Apple suppliers are seeing strange things happen to their share prices

Something strange has happened this year between Apple and companies that supply parts to its many products: Their stock performances have diverged, after a long period of moving up and down together. Even weirder is that this divergence is not based on which companies are more dependent on the tech giant.

Shares of major suppliers that generate significant portions of their revenue from Apple have held relatively steady despite Apple's stock getting crushed in the last few weeks. In fact, some of them even have outperformed Apple significantly over the longer run.

Year-to-date shares of Cirrus Logic, for example, are up roughly 13 percent as of the market's close Tuesday. The company develops high-precision analog and mixed-signal integrated circuits for a broad range of innovative customers including Apple.

Likewise, shares of Multi-Fineline Electronix, a company that provides printed circuit and assembly solution, are also up close to 7 percent. Compare that with Apple's stock, which is down over 11 percent in the period.

Both Cirrus Logic and Multi-Fineline Electronix generate more than 70 percent of their revenue from Apple. The divergence in stock performance is counterintuitive given Apple's lackluster Q1 2016 growth and lowered Q2 revenue guidance.

Surprisingly, other companies that have a more diversified supply chain have moved in line with Apple's stock recently and even underperformed the stock over the longer term.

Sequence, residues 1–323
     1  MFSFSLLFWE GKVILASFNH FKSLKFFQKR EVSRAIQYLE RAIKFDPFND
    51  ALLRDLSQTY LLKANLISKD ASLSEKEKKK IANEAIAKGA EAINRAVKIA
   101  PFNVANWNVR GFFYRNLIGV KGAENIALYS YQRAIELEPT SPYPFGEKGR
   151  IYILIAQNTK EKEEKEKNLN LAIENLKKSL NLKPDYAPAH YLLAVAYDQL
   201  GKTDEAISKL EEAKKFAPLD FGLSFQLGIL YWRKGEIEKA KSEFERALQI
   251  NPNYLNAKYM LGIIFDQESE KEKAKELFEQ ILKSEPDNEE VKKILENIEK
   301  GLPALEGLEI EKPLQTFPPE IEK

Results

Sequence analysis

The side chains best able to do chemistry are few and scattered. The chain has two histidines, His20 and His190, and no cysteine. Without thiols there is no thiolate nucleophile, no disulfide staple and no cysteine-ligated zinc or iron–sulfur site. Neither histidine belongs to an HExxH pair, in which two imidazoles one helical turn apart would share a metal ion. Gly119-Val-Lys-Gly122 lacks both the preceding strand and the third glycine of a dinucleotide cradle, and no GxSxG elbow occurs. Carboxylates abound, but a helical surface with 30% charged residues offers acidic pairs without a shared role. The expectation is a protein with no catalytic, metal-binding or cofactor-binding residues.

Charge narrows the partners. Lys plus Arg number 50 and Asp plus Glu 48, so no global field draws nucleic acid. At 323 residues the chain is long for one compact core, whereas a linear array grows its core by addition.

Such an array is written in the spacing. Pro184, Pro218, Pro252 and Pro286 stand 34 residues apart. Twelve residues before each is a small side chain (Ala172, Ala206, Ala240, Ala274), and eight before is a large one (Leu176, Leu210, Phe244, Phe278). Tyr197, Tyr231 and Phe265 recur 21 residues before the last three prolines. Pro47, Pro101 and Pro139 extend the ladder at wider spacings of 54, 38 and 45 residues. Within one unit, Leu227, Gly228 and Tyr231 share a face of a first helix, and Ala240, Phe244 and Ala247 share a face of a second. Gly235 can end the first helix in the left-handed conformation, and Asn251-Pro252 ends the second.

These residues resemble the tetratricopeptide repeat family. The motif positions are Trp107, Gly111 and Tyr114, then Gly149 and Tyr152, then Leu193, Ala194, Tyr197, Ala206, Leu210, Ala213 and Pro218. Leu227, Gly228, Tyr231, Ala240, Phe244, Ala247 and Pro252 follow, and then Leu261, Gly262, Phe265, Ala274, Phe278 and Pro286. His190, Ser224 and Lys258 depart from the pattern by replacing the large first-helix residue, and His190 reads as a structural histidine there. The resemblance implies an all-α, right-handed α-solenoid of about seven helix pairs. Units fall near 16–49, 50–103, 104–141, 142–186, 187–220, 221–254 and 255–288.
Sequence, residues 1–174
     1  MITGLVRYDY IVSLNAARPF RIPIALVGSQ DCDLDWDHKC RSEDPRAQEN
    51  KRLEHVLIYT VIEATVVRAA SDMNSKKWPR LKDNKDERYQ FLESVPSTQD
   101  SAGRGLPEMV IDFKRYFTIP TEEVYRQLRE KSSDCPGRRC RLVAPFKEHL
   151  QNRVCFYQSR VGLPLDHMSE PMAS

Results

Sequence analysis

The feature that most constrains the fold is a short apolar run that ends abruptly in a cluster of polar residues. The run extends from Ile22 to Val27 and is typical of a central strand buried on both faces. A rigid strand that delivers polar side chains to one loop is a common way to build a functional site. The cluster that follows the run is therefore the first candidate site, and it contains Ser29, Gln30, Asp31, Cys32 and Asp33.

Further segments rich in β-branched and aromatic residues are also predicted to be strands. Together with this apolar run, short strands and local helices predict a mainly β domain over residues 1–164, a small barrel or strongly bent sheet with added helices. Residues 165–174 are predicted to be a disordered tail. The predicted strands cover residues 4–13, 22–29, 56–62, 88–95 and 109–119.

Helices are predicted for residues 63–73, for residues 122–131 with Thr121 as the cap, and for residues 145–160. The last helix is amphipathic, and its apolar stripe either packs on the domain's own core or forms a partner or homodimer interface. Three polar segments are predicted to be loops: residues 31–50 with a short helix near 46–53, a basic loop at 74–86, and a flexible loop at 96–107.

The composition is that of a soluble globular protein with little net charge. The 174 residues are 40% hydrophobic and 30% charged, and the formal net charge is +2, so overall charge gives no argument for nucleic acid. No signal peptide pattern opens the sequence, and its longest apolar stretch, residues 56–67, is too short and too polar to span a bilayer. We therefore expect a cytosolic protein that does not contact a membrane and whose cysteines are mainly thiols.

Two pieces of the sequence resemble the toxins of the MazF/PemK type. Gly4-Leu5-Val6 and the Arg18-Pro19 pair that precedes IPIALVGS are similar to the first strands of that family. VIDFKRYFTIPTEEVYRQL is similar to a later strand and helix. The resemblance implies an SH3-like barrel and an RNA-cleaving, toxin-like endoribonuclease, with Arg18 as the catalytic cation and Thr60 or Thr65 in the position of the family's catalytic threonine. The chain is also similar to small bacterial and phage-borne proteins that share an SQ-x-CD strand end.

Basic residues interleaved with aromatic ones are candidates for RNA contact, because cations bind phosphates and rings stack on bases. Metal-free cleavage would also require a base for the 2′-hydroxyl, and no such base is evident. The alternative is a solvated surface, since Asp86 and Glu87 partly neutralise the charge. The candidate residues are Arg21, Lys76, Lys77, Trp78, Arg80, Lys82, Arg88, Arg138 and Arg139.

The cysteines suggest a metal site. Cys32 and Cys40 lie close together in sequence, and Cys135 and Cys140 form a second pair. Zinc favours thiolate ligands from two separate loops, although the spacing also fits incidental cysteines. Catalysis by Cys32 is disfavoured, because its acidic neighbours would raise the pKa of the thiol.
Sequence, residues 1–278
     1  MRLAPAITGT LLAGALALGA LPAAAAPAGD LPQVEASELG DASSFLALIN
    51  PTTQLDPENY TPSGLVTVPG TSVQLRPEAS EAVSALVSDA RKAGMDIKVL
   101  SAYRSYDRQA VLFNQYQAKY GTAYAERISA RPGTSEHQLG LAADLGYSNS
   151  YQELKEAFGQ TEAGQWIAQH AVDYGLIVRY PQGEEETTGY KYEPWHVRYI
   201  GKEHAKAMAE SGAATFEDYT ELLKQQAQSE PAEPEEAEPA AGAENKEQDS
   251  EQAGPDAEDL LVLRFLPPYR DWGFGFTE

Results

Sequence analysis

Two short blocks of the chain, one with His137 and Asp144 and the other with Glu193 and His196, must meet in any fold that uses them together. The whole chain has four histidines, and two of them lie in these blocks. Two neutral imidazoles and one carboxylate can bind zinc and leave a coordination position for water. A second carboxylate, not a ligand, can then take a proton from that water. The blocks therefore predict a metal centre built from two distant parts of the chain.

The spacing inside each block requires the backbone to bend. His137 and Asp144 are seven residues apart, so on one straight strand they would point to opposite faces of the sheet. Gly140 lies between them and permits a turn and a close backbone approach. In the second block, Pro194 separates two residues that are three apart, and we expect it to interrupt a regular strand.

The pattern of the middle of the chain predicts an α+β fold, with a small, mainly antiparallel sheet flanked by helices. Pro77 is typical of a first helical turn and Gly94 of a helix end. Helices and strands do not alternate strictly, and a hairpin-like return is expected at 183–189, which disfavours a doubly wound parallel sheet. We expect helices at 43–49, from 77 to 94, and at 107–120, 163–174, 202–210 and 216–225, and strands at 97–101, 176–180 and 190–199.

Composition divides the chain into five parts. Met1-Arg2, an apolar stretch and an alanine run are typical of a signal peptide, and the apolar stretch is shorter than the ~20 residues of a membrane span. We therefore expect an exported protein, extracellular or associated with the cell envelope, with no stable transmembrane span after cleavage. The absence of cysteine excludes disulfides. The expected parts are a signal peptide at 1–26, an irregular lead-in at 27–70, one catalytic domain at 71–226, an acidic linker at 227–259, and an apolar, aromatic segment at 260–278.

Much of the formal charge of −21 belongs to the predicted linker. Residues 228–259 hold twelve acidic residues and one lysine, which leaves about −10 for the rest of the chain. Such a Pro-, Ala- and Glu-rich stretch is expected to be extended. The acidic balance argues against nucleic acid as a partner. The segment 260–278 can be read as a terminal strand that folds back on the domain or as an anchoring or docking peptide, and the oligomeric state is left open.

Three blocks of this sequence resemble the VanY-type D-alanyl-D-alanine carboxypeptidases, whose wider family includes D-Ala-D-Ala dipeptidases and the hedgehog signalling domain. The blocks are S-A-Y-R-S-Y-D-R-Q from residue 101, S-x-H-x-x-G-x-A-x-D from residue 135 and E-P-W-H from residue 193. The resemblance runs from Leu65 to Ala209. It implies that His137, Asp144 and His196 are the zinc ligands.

For instance, InvenSense is down 25 percent since Apple reported earnings two weeks ago. The chip supplier's stock was punished Tuesday when it missed analysts' revenue expectations for the fourth quarter. Skyworks, too, is down 8 percent in the past two weeks and shares of Jabil Circuit and Broadcom are down close to 3 percent.

This contrasts with Apple shares' decline of more than 11 percent in the period. All four aforementioned companies get less than 30 percent of their revenue from Apple.

While some stocks may be mispriced, experts believe that the impact already has been seen on the supply chain from Apple's lowered numbers across companies highly dependent on Apple's business.

Supply chain indicator

Brian Blair, a principal investor from Grays Peak Capital whose company tracks Apple, told CNBC that most major suppliers already reported earnings before Apple and many of them reported weak June guidance numbers that broadly matched Apple's own second-quarter guidance.

While their stocks weren't punished as badly, Apple's suppliers remain cautious about the second half of the year given uncertainty about sales of the yet-to-be released iPhone 7.

The best way to gauge Apple's future strength is to pay attention to the performance of these suppliers, Blair said.

"What we are doing at Grays Peak is paying a lot of attention to the supply chain," he said. "We are trying to understand what exactly is happening there. That is going to be the best indicator of what's going to occur."

Asked whether he is inclined to put money to work in companies that rely on Apple or others more diversified, Blair told CNBC that he prefers those that are more diversified and tied to emerging technologies segment, such as voice and voice-interface, where he sees growth, thus looking at companies that provide microphones, audio features and other related products.